WANSFORD HOSPITALITY NETS FLYING SCOTSMAN AS NRM CONFIRMS IAN RILEY CONTRACT RENEWAL
To say thank you for hosting Flying Scotsman when it required repairs in October last year, the National Railway Museum has confirmed that the celebrity ‘A3’ will return to the Nene Valley Railway in 2018. It comes as the NRM confirmed that engineering firm Riley & Son (E) Ltd would continue operating and maintaining the 1923-built locomotive until 2024. The confirmation follows two months after the NRM announced that the firm was the “preferred supplier to operate and maintain” the Gresley ‘A3’ (see Down Main, SR475) and that there was an agreement in principle for Ian Riley’s continued custodianship of the engine. In addition to day-to-day running and maintenance, the six-year contract includes a comprehensive overhaul in 2022, followed by planned celebrations to mark Flying Scotsman’s centenary in 2023. The Gresley ‘Pacific’ will be in action on the WansfordPeter borough line on September 29-October 1, its first working visit to the NVR since 1994, when it was similarly turned out as No. 60103 in its later BR guise with double chimney and German smoke deflectors. Flying Scotsman used the yard at Wansford for several days after it failed during a Steam Dreams railtour on October 18 last year with a warm right-hand middle driving axlebox, requiring three cranes to lift the 96¼-ton locomotive so the offending wheelset could be removed for re-metalling (see SR473). Preliminary details of Flying Scotsman’s schedule for 2018 have also been released, including a return visit to the East Lancashire Railway on several dates throughout the year. No. 60103 will be on public display on the HeywoodRaw tens tall line on March 10/11, March 30-April 2 and September 9, and will be hauling passenger trains on May 12/13, August 24-27 and September 5-8. No visits to other preserved railways have been announced. Ian Riley of Riley & Son (E) Ltd said: “I am very pleased that we have been appointed to maintain and operate Flying Scotsman for the next six years, which will enable us to develop a long-term plan for the care and management of this world-renowned engine. “The success is down to the skills, experience and hard work of the whole team, who have spent many hours working on the locomotive from restoration to the present day. Flying Scotsman is definitely a special engine and the chance to work with such a well-loved locomotive again is a real privilege.”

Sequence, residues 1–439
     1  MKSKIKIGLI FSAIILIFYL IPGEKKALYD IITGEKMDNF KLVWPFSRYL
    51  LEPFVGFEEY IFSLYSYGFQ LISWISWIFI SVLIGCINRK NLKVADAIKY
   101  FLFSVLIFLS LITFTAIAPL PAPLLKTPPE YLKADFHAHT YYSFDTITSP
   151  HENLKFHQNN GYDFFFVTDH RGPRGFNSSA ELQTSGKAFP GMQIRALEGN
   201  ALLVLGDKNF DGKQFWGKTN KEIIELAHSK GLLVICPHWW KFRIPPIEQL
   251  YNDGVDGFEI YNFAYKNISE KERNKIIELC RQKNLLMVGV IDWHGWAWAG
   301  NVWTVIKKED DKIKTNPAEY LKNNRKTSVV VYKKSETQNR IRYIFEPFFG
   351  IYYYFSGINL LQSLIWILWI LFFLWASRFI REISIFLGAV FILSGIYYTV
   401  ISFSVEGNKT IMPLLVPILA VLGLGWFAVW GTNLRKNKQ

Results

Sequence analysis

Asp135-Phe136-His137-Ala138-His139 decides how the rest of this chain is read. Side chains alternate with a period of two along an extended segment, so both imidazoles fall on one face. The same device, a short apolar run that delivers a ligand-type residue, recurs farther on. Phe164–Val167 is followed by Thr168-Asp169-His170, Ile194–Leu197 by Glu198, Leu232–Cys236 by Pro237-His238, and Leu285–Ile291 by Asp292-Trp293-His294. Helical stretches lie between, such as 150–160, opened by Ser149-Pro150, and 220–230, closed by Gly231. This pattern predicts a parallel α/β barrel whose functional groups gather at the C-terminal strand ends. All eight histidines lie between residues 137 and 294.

‘A3’ No. 60103 Flying Scotsman passes under Mill Lane bridge with a Wansford-bound train on July 2 1994, during its last working visit to the Nene Valley Railway.